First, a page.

What’s the secret to cloud success? If you’ve been paying attention to the world of business, you know that businesses large and small are moving from traditional servers to cloud based infrastructure. Keep reading to learn how the latest advances in server technology can ease your move to the cloud.
- Searching for Cloud Success
- Features of Cloud Infrastructure
- Some Issues with Public Cloud Servers
- The Solution: Own Your Own Infrastructure
Searching for Cloud Success
If you’re new to the topic of Cloud Computing, don’t worry — it’s easier than it may seem! Think of the way a traditional web server works — individual machines, real or virtual, are manually set up and configured by systems administrators. If a business needs more or fewer resources, administrators must manually create or deactivate systems.
Cloud computing just helps automate some, or all, of this process. At a lower level, cloud server software simply helps automate many basic system administration tasks, giving the end-user more control. Cloud computing automates the creation and termination of servers in response to visitors and needed memory, letting sites and apps automatically respond to traffic and demand.
Features of Cloud Infrastructure
Here are some features of cloud infrastructure that make it a popular choice:
Initial Cost Savings — Since the business is not responsible for the initial server setup costs, a business requires reduced technical expenditure and can do more with fewer technicians.
Infrastructure as a Service — Many cloud platforms have built-in tools to make common app and site design tasks easier and more efficient. This reduces server load for the cloud provider and saves money for customers that pay based on resource usage.
Flexibility and Scalability — Because cloud servers can be configured to automatically scale up and down based on traffic and processing requirements, businesses only pay for what they use. This keeps costs low in the beginning, while letting you seamlessly add to your capabilities as needed — even with seasonal demand.
Some Issues with Public Cloud Servers
In the rush to upgrade to the cloud, many businesses ran into some unexpected problems. Many cloud providers offer public cloud services. Much like shared servers, public cloud services mean that you are sharing servers with other users. This leads to a series of issues:
Painful Pricing Models — Many pricing plans that seemed fairly priced for infrequent usage become incredibly costly at higher levels of usage. By the time you’re using enough resources to find yourself in this situation, though, it would be even more costly to relocate or reconfigure.
Standardized and Unconfigurable — Public cloud servers are optimized for the cloud provider’s benefit. If a configuration is not already available in the presets, you’re going to find it difficult-to-impossible to get the settings you need. This is true of the hardware as well.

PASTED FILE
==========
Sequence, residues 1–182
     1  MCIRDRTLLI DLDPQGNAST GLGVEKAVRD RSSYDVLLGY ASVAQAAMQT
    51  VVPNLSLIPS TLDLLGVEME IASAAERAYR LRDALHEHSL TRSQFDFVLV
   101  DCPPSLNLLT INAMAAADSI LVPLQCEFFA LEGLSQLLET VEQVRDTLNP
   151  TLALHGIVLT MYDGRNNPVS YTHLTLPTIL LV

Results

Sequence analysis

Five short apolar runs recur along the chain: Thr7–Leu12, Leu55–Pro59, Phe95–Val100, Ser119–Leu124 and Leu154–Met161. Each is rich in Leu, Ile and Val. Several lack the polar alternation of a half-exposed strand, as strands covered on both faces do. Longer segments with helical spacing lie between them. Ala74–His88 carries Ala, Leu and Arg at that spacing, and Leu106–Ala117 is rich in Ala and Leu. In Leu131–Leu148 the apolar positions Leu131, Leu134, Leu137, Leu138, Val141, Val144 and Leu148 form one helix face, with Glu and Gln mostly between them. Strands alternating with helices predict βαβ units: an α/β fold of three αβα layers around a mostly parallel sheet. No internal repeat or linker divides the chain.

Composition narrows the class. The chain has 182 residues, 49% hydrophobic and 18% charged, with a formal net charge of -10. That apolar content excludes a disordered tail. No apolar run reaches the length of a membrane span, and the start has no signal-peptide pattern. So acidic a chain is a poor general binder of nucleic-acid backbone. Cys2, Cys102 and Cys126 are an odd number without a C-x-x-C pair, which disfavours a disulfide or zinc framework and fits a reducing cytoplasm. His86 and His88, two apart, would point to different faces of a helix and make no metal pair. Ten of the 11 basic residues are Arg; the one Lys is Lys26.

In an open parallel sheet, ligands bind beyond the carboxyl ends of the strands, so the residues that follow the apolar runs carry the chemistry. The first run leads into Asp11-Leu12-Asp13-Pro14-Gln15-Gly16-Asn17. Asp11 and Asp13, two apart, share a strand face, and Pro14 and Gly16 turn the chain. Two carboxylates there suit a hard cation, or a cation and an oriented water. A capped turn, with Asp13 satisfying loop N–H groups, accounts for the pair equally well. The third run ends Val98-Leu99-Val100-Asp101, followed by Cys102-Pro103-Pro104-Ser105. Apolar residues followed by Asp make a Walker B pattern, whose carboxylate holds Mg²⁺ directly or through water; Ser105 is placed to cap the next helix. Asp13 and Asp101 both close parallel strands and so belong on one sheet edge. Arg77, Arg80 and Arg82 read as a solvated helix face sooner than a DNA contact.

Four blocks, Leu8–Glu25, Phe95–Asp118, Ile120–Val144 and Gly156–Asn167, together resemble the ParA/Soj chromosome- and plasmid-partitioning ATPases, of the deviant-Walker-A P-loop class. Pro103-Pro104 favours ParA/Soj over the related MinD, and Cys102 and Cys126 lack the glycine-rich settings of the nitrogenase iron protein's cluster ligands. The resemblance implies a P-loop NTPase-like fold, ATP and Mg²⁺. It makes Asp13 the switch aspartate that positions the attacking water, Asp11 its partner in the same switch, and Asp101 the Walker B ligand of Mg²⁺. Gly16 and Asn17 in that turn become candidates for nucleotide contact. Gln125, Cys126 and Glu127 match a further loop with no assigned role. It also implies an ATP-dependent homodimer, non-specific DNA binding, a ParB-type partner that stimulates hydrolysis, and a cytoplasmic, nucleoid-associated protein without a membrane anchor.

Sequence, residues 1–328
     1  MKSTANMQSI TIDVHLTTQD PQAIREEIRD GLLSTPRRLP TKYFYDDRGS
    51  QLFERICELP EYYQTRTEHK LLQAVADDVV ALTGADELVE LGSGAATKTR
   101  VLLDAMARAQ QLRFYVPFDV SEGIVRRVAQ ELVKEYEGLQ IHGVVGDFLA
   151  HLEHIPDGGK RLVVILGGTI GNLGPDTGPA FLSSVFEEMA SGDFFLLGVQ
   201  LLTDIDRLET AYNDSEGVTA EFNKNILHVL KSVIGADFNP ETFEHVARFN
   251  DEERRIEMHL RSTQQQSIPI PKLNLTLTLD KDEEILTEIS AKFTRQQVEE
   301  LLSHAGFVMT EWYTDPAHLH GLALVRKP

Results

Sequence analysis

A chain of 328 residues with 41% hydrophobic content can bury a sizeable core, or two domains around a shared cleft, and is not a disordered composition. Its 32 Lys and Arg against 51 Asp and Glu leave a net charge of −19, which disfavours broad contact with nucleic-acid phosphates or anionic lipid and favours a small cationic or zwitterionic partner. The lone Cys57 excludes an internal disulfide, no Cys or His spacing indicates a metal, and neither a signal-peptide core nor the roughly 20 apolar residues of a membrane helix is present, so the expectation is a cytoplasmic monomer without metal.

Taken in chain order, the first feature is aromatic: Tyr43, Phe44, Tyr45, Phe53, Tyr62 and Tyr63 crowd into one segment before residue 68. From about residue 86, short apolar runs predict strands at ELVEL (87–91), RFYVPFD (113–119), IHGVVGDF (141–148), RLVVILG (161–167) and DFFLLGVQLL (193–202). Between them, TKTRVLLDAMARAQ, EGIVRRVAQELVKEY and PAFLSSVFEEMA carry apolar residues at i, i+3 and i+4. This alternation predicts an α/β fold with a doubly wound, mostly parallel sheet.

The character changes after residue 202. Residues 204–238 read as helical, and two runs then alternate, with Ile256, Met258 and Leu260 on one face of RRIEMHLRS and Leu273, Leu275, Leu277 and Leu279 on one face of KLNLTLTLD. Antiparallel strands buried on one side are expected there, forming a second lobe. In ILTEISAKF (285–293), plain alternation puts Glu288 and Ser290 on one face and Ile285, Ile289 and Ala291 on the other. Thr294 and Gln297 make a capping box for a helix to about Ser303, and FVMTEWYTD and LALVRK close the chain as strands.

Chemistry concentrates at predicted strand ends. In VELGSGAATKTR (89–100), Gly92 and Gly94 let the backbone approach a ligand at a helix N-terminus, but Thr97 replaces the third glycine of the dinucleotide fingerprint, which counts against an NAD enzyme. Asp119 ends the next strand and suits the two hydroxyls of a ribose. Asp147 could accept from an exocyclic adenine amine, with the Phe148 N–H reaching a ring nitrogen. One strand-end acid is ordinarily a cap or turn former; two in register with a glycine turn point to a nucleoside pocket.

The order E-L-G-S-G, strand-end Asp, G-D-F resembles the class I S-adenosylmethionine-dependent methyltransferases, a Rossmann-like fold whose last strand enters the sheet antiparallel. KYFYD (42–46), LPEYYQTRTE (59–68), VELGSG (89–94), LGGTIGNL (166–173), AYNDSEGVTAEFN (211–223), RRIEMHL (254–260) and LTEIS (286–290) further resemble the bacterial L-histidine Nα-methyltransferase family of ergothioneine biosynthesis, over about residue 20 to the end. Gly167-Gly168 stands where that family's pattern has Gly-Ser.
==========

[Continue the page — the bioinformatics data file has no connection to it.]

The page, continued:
Security and Privacy Risks — Sharing servers with other customers can be a security issue depending on your business and data.
Outages are Significant — If you keep an eye on technology news, you’ll notice that every couple of months a hiccup at a major cloud provider leads to hundreds of high-traffic websites completely shutting down. You can find your service down at the worst possible time, with nothing to do but wait for the provider’s team to resolve everyone’s issues.
The Solution: Own Your Own Infrastructure
As these problems have become known, various hosting companies and cloud providers have worked to create solutions. The key to getting the benefits of a cloud server while maintaining the security and control of a classic dedicated server is a private cloud.
Private clouds let you own your own infrastructure: you pay for the servers you need, when you need them. With private clouds, you have total control and sole use of the entire server. You won’t find your security or bandwidth compromised by other users on the same server node: it’s all yours.
This setup may cost slightly more than public cloud options in the early stages, but pays for itself later on by preventing problems and optimizing your setup. Here’s how:
Cost Efficient, Transparent Pricing — the cost you pay per period will adjust to your usage, but since this usage is consistently priced you won’t find yourself locked in to a plan that turned out more expensive than you expected.
High Performance, Optimized Hardware — A Private Cloud means more control over server configurations. If you need custom hardware, unusual configurations, or something else nonstandard, it’s much easier to set this up on a private cloud.
Personal Control Without Security Risky Neighbors — If you run into a problem, your technicians can solve it directly rather than waiting for the cloud provider to bring half the internet back online. You don’t have to worry about ‘neighbors’ on the same server causing disaster for your business, either!
Transparent and Open Source — Server configurations at major public cloud providers are often proprietary and/or confidential. Conversely, many private cloud providers use OpenStack, the leading open source cloud computing solution. Working with OpenStack lets you benefit from a thriving, security minded community and the latest innovations of the development team.
If you’re just starting your business, consider starting with a private cloud from the beginning and saving yourself the hassle and uncertainty of the public cloud providers. If you’re an established business sick of the predatory fees and lack of transparency, look into building your own private cloud solution — you may be surprised by how simple and affordable cloud success can be.